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Waypoint for location without street view

I just got a proposed waypoint refused for the following reason "Insufficient evidence that the nomination accurately reflects the submitted real-world location based on comparison of the submitted photo and map views"

That made me think about the way I review waypoints

Most of the art objects, graffiti or Gazebo cannot be seen without street view

Does this mean that I should refuse these nominations?

I used to accept these nomination, but give the location accuracy a 3 stars, 4 if similar objects exists nearby (specially for graffiti).

What do you think?

Comments

  • MarioSGodoy87-PGOMarioSGodoy87-PGO Posts: 163 ✭✭✭

    I only accept this type of request if I can see the object indicated in the support photo or in street view or google maps.

  • WheelTrekker-INGWheelTrekker-ING Posts: 835 ✭✭✭✭✭

    4 stars for a graffiti that you can't verify the building is a dream come true for fakes.

  • Jtronmoore-PGOJtronmoore-PGO Posts: 611 ✭✭✭✭

    If the location is most likely there and you can use the supporting photo to kind of tie things together. Like ok that poi is in supporting pic with the thing they are trying to submit so i can verify that way. If you cant see on street view it isn’t an auto 1*. They say if its probably there give it a 3*. Its just some people are sticklers when it comes to “if i cant see it on street view i reject”. When really thats wrong.

    ive had one nomination rejected twice on it so now I’ll have to do a photo sphere for the location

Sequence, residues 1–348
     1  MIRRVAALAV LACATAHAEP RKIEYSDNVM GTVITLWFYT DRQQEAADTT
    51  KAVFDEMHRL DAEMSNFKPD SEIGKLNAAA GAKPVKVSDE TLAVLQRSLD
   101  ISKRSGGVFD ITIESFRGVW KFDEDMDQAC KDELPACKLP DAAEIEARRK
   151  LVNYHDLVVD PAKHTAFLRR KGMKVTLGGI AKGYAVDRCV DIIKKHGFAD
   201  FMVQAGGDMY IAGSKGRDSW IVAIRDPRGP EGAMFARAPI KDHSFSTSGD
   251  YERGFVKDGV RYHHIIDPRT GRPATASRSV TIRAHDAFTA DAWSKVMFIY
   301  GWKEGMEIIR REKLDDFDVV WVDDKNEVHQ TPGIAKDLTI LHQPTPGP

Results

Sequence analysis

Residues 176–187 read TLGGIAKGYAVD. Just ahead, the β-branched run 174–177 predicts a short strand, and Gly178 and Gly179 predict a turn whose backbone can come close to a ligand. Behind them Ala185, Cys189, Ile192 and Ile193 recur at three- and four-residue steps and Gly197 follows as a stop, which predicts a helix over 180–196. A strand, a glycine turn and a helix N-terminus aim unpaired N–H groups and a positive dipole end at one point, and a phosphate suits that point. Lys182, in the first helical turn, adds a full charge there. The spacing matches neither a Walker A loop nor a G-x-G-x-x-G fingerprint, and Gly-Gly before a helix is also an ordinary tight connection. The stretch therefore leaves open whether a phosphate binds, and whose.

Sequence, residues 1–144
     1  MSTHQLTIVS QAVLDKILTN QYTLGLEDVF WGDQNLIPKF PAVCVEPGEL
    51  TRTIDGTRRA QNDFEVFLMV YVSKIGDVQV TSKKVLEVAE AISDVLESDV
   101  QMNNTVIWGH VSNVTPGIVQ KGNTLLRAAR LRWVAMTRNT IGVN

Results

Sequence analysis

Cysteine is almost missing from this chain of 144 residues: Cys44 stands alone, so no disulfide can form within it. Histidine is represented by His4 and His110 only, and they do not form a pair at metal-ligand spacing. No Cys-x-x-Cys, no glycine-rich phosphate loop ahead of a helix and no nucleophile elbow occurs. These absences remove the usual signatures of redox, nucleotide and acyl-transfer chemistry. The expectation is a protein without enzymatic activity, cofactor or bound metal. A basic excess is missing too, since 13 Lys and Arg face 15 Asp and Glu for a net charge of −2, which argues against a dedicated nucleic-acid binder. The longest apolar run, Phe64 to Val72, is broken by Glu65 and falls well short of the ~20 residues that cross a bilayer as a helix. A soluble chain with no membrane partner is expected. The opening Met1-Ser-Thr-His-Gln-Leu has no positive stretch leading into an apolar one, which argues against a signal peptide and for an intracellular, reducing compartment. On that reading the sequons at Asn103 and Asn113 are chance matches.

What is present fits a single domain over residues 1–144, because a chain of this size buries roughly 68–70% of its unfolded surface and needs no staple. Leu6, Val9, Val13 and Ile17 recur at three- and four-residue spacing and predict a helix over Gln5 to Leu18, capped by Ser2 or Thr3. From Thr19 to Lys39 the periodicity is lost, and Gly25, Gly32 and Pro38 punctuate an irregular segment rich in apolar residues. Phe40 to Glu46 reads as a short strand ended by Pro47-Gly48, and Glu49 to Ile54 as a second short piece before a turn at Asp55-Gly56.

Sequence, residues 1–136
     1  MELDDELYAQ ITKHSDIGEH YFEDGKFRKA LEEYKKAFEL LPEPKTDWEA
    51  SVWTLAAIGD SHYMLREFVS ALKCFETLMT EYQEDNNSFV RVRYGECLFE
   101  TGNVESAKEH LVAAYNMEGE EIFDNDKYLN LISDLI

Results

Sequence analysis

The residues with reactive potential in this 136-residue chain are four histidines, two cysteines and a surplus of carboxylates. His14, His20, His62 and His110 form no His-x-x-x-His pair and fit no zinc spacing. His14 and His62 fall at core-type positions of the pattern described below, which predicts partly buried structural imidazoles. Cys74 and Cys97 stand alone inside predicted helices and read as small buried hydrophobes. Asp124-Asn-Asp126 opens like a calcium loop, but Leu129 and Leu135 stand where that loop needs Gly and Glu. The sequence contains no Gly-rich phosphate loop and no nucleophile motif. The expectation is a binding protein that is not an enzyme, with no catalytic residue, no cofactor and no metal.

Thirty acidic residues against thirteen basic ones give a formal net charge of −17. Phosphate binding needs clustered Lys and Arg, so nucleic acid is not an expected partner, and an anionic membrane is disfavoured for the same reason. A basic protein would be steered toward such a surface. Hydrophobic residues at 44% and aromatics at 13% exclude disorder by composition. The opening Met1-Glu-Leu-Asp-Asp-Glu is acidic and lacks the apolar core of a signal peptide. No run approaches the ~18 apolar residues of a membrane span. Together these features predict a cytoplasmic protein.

• Alanazam-PGOAlanazam-PGO Posts: 17 ✭✭
    edited December 2020

    Nominations don't have to be visible via Google for confirmation. The supporting photo view helps a lot. Ideally, one of the photos contains the proposed wayspot (or a portion of it) as well as at least one distinguishable features of the surrounding that are visible on Google's image set. It's important for the POI to appear in the same shot as something distinguishable. This places the non-visible nomination in the same scene at something that can be verified. If you can find a reference point (or more), than you can at least determine that a photo had to be taken from a certain direction relative to that reference.

    I recently 5-starred an underpass mural because, while it wasn't visible on Google, the supporting photo included distinct, recognizable parts of the main photo, as well as distinct bridge posts in the distance. I could tell that, relative to the view of the bridge and other natural features, the pin was appropriate for the view, and it was the only place that could get the view and host the mural.

    Hiking trails are trickier, but Google usually has trail path noted on the map. A decent supporting feature will show some characteristics, even if it's just confirmation of the contour or type of surrounding (woodsy, plains). And sometimes there's characteristics that match - trail intersections, clearings, waterways of various width, hills (view terrain). It's not possible to pinpoint exact location, but it's often possible to glance over Google's path for the trail and note that the trail that the marker identifies does pass through that location, and there are only so many areas that match the surroundings (if it's true).

    Of course, it depends on how much effort a review takes and if they bother, but a good supporting photo greatly reduces the effort requires to confirm the location of things not captured on Google.

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